The unveiling of the dictatorial debacle that is Obamacare absolutely flabbergasts me. It is stunning on so many levels, but the most shocking aspect of it for me is watching millions of free Americans stand idly by while this man, his minions in Congress and his cheerleaders in the press systematically dismantle our Constitution, steal our money, and crush our freedoms.

The President, Nancy Pelosi and Harry Reid (with no small help from Justice John Roberts) take away our health care, and we allow it. They take away our insurance, and we allow it. They take away our doctors, and we allow it.They charge us thousands of dollars more a year, and we allow it. They make legal products illegal, and we allow it. They cripple our businesses, and we allow it. They announce by fiat that we must ignore our most deeply held beliefs - and we allow it.

Where is your spine, America?

Yes, I know people are complaining. I read the news on the internet. I read blogs. I have a Twitter feed. So what? People in the Soviet Union complained. People in Cuba complain. People in China complain (quietly). Complaining isn't the same thing as doing anything about it. In fact, much of the complaining that we hear sounds like resignation: Wow. This sucks. Oh well, this is the way things are. Too bad.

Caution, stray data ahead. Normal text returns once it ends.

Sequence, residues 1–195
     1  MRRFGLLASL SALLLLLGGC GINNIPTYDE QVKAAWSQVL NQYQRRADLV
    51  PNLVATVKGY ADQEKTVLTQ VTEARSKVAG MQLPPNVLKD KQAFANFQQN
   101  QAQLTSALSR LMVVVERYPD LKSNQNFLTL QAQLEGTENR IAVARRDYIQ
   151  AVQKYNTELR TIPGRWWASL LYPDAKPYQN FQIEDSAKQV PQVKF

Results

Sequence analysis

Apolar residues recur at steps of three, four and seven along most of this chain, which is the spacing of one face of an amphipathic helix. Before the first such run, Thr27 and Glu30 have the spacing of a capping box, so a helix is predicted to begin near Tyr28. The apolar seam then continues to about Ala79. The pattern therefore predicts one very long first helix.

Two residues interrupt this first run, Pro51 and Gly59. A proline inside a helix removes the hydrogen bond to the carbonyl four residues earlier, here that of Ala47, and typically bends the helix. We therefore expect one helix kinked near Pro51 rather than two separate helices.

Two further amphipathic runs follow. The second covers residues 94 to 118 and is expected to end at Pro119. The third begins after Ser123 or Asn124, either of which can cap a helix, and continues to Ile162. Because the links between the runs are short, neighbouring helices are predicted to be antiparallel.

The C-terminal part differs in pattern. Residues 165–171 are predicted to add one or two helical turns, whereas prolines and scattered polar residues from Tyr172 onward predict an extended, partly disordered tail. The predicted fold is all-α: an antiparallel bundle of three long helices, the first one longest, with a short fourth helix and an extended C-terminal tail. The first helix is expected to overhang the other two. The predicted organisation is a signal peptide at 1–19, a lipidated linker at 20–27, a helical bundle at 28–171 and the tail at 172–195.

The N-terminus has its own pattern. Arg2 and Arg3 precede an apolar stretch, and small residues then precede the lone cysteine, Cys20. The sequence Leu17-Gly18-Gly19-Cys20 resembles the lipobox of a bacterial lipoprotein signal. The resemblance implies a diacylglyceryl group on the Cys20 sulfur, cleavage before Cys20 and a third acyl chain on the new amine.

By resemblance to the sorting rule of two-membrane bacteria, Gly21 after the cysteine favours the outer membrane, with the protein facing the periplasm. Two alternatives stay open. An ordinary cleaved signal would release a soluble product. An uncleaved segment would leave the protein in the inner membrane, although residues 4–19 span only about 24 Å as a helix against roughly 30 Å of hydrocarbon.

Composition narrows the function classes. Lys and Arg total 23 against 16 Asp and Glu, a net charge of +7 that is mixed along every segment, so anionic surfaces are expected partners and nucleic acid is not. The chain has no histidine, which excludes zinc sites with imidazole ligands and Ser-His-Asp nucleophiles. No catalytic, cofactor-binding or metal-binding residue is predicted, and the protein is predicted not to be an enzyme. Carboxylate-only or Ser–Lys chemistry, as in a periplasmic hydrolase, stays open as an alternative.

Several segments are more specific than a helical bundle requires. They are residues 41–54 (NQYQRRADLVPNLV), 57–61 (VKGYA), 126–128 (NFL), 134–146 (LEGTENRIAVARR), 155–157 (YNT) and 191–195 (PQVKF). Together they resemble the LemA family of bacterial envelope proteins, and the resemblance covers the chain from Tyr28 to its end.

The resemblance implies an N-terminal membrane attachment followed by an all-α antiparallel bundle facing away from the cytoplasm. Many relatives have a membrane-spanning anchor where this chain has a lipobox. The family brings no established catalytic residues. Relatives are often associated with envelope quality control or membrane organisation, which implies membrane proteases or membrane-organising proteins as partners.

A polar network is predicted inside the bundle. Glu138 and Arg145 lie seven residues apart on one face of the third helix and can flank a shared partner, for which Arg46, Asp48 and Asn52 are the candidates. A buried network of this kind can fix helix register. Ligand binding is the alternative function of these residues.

Perhaps you need reminding of a few important facts. Here goes:

  1. The President is not a king. Barack Obama does not behave like a President, an elected official, someone who realizes that he works for us. He behaves like a king, a dictator - someone who believes that his own pronouncements have the force of law, and who thinks he can dispense with the law's enforcement when he deigns to do so. And those of us who object? How dare we? Racists!

And while he moves steadily "forward" with his plans to "fundamentally transform" the greatest country in human history, he distracts people with cheap, meaningless trivialities, like "free birth control pills"! (In fact, let's face it: this administration's odd obsession with sex in general - Birth control! Abortion! Sterilization! Gay guys who play basketball! -- is just plain weird. Since when did the leader of the free world care so much about how people have sex, who they have it with, and what meds they use when they have it? Does he have nothing more important to concern himself with?)